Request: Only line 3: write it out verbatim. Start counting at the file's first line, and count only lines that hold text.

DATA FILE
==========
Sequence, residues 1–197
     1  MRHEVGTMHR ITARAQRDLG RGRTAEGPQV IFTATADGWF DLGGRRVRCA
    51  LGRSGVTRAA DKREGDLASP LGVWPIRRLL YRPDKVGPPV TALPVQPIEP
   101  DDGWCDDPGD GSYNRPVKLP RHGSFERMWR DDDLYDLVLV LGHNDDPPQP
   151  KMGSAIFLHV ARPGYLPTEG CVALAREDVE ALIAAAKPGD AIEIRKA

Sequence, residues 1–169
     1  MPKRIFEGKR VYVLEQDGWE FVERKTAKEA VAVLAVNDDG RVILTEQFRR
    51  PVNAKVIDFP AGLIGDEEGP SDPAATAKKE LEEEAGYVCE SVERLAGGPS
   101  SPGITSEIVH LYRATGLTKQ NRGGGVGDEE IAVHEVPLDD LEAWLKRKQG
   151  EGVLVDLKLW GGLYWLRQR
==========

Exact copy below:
    51  LGRSGVTRAA DKREGDLASP LGVWPIRRLL YRPDKVGPPV TALPVQPIEP